French Suede
Pique Sewn
Two Button
tan, ?my ?n-1 brown.
The World'? Great?? L**ther Stcr_.
)4 Fifth Avf. N?w York. 253 Brr,_,?.
i;?.-ton?14% Trrmi.nt Strret **
London?8? K< ?.?tit Str^l
o the Hauler of ?
eavy Tonnage
Profitable, reliable and satisfactory transportation
of volume tonnage-motor truck is at last possible,
GMC Truck Tractors, in combination with trailer
equipment, provide the capacity, the speed and the
pulling power?at a savin g of as much as 50 per cent.
Because they are equipped with the famous GMC
Two-Range Transmission, these tractors will haul
heavy loads over bad roads and up grades where
other trucks cannot go.
General Motors Truck Company
Division of General Motors Corporation
3H?mon, $MgOQ# 5-Ton
?2450;jfO.Ton, $3
Pump and
New York Branch:
57th St. and 11th Ave.
Phone Circle 8270
tit List a? Follow? :
5; 2-Ton, $2375;
? Ton,
$4050MAll prices fo
at tljf factory, ta
Valve Lifter
Brooklyn Branch:
620-626 Degraw St
Phone South 6969
the A.
HAT American banking expects of the Con?
vention now in session may be judged by
the fact that the attendance is more than 50%
higher than was hoped for.
From its standpoint of 123 years of service t?
American industry, commerce and finance; the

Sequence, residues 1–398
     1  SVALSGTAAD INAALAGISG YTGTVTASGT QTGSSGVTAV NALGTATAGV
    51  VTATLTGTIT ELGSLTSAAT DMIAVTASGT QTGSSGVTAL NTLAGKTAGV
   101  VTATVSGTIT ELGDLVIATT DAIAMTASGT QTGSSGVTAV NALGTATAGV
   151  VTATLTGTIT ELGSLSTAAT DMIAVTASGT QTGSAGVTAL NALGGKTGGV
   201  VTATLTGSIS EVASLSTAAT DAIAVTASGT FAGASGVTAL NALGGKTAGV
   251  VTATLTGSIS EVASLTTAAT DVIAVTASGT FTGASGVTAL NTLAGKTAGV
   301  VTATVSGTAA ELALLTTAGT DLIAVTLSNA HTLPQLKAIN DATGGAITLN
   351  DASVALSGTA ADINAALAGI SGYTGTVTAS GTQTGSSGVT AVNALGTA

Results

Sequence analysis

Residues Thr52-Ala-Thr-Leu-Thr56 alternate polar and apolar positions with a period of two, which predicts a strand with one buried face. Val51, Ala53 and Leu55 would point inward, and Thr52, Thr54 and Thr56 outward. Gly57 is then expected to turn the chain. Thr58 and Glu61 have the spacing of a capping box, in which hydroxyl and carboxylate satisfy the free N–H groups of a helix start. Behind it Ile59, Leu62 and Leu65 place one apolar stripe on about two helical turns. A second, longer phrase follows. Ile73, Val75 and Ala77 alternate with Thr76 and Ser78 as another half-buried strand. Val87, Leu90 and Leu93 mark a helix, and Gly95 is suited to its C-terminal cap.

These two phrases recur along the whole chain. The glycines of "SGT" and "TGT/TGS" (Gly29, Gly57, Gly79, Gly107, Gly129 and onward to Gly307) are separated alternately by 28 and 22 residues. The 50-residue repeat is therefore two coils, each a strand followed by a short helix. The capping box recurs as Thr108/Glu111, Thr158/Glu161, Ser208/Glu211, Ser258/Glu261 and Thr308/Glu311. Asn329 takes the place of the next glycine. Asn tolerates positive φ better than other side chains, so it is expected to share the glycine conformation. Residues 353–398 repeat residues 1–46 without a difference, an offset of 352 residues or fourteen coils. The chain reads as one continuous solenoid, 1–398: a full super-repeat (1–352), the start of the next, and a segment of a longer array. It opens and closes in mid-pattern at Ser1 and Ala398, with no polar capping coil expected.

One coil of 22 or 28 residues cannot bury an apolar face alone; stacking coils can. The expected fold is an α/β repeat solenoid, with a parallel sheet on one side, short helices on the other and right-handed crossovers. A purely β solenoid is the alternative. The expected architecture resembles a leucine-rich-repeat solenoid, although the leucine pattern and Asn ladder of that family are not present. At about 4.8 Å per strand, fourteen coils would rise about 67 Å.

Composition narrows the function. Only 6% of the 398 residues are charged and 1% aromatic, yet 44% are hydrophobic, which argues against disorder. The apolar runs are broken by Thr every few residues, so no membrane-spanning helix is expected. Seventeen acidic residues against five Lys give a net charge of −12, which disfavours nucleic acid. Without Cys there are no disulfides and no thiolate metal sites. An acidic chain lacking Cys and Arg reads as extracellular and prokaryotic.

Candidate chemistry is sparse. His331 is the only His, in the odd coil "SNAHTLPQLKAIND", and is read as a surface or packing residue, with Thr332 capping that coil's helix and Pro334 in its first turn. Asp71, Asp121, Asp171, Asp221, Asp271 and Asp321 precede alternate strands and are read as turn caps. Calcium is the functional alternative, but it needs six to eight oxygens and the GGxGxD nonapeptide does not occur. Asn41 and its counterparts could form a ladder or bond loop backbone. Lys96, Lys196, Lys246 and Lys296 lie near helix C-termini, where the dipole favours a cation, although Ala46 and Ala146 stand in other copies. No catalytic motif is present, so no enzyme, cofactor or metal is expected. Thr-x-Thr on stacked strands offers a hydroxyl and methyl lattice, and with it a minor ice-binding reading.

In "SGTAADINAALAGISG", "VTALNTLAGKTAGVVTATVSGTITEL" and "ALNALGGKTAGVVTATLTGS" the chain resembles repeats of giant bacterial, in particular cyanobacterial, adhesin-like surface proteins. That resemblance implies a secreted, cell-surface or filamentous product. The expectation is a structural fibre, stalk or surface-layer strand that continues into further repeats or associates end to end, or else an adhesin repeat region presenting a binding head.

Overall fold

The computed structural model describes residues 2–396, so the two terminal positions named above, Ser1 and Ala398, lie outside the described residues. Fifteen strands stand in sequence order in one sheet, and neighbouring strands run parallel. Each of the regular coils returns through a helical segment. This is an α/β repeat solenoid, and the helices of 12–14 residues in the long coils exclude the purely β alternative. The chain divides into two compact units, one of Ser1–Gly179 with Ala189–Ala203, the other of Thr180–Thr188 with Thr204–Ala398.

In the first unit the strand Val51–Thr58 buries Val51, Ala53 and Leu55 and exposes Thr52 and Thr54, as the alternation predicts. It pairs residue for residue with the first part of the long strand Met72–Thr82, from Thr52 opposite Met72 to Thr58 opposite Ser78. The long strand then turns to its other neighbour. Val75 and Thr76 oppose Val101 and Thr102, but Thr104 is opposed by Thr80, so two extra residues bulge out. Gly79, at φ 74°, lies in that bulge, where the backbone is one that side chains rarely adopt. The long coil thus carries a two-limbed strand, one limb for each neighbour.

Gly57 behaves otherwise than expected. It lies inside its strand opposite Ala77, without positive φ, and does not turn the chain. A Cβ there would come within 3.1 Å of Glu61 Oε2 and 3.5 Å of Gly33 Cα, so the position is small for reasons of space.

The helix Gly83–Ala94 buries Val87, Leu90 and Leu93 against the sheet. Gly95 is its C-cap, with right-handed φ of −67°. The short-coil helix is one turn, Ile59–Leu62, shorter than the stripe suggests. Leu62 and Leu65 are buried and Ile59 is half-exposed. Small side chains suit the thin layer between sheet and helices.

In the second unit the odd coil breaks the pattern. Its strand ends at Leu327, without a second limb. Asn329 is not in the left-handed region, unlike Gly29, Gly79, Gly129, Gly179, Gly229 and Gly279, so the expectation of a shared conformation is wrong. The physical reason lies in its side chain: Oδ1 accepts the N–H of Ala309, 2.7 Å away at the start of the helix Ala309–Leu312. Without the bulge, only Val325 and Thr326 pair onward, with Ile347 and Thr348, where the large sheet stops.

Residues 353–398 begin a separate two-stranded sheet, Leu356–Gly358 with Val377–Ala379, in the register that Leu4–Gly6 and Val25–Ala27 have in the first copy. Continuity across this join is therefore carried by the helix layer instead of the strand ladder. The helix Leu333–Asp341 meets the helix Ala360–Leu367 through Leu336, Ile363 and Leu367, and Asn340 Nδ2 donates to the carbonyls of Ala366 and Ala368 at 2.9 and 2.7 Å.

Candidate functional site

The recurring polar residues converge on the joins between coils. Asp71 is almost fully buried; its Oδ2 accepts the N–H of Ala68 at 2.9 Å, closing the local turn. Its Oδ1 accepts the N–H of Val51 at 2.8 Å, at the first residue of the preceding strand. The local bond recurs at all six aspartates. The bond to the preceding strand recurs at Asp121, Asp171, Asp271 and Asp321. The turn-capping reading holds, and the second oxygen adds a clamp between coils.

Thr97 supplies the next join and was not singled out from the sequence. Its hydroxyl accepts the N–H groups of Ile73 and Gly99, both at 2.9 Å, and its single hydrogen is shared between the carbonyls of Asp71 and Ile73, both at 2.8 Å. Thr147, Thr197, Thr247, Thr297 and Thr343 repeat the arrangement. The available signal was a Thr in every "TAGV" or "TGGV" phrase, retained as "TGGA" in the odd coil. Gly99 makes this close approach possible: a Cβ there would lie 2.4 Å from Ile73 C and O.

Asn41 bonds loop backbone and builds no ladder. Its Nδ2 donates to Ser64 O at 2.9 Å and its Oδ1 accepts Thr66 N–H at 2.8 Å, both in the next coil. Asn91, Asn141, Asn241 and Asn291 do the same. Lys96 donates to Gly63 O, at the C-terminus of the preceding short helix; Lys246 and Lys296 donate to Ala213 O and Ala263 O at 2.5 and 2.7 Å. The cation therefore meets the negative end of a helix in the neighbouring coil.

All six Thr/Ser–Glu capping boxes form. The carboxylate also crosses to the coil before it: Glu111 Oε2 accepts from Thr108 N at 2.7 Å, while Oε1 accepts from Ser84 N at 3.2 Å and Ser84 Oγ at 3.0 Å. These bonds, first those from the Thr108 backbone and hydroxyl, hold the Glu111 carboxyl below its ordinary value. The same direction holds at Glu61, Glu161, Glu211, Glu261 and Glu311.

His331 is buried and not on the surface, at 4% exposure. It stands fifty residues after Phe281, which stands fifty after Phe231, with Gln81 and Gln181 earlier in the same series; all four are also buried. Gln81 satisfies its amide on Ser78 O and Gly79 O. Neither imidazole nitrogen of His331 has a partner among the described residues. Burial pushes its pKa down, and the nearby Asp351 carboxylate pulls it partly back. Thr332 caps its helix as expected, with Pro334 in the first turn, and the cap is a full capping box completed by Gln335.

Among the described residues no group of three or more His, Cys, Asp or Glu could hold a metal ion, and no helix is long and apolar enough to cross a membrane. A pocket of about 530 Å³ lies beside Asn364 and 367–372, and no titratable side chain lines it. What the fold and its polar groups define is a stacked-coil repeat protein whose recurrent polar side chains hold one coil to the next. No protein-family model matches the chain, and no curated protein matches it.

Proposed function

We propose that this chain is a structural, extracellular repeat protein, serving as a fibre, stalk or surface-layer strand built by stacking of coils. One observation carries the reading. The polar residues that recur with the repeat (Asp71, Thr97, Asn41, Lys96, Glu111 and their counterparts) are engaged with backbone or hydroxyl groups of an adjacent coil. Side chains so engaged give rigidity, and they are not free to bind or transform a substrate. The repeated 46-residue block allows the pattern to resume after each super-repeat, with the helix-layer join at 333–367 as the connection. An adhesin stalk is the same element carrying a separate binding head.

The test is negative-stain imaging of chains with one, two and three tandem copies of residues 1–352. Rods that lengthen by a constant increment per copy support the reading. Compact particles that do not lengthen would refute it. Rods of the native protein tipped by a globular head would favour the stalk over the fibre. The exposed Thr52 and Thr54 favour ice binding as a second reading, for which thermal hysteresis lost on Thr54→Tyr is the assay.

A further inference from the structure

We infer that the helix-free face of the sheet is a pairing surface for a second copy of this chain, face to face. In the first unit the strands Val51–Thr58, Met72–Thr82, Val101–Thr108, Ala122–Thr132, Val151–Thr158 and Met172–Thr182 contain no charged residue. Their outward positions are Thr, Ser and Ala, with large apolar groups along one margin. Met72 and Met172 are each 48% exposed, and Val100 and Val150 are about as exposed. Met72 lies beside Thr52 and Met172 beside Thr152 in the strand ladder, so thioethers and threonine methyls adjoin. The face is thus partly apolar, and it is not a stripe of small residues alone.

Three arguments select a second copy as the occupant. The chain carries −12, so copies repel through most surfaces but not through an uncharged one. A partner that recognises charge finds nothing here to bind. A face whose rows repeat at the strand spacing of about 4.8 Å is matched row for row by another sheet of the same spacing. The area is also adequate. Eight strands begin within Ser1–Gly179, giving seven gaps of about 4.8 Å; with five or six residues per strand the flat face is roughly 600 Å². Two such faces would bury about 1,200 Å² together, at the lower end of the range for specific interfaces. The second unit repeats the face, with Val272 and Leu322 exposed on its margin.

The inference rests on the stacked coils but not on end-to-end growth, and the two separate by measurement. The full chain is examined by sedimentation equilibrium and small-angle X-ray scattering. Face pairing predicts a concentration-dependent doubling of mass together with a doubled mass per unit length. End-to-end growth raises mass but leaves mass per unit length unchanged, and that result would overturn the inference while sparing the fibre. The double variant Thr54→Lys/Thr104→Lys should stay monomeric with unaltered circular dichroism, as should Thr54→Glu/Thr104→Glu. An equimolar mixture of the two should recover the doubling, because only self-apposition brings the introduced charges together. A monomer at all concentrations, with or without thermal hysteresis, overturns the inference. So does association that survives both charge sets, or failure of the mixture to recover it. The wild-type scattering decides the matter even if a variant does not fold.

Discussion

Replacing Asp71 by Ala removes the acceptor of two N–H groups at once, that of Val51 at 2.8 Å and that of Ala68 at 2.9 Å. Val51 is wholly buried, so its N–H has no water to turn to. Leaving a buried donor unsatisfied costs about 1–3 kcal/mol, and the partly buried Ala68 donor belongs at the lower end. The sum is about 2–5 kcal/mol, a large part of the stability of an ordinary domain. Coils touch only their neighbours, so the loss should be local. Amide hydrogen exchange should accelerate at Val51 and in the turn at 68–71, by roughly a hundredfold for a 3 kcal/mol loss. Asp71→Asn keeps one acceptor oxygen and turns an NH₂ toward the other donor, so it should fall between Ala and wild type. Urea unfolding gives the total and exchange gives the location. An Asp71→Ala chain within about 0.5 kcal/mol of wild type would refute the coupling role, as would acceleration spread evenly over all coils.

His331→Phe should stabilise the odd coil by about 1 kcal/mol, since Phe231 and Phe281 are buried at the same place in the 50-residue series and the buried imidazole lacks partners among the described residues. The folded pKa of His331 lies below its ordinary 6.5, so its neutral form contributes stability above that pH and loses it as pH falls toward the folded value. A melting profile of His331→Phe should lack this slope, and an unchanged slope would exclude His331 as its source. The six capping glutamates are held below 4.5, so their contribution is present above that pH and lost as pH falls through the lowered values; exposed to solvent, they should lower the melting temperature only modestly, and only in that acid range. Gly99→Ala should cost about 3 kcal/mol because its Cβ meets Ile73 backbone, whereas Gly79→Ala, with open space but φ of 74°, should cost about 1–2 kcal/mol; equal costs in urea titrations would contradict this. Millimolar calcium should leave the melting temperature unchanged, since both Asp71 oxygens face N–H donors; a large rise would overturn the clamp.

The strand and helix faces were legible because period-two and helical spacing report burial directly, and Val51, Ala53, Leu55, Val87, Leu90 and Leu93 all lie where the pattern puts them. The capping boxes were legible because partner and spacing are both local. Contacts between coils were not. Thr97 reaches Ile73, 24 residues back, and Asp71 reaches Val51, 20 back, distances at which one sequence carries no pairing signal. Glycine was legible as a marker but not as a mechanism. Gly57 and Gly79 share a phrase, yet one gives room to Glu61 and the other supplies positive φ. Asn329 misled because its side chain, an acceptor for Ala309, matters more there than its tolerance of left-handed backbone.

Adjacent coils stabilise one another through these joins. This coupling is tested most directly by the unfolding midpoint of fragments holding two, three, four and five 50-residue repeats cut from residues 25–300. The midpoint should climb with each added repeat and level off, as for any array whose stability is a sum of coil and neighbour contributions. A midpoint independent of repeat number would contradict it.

Bank of the Manhattan Company is in a position
to say this: *
The Convention would have been worth while if
only as a symposium of authority on the prob?
lems of the day?problems financial, industrial,
commercial, domestic and international.
But we prefer to look at it with an eye to the future.
We believe that from this meeting of banking
minds will date a new cycle in the business affairs
of the civilized world.
Bank of the Manhattan Company
?ames McNeil
I. D. Forster
Harry T. Hall
-Edwin S. Laffey
P. A. Rowley
Frank L. Hilton
V. W. Smith
John Stewart Baker
Vice-Prts. and Cashier
O. E. Paynter
40 Wall Street, J\(ew York
"President First yice-Prtsident
LTftown Omcs?JI Union Square, Neiv York
Brooklyn Orricis?St. John's Piece, Cyprus WUs, Liberty Avenue
Qu?N? Borough Orricis?Jamaica, Flushir.fr, Le>:g Island City, Far
Roeketvav, Roekaivay Park, Roeka-iiav Beach. Seaside, Csfsne Park.Jaek
son Heights, Richmcnd Hill, F.imhurst, Maspeth, Carona, Cellegt.
Point, Wotdhaven, Brooklyn Manor, Ridge-xted, Fresi Ptni
Capital $5,000,000
Surplus and Undivided Profits, $17,277,459.35
Ass*t Cashiers
W. F. Moore
I. S? Gr?cory
H. M. Bucklm
W. A. Rush
G??>. S. Downing
E. S. Macdonald
O. G. Alexand?
C. W. Capks
D. W. Ketcham
W. S. Milan
Elus Weston
W. L. Hovwns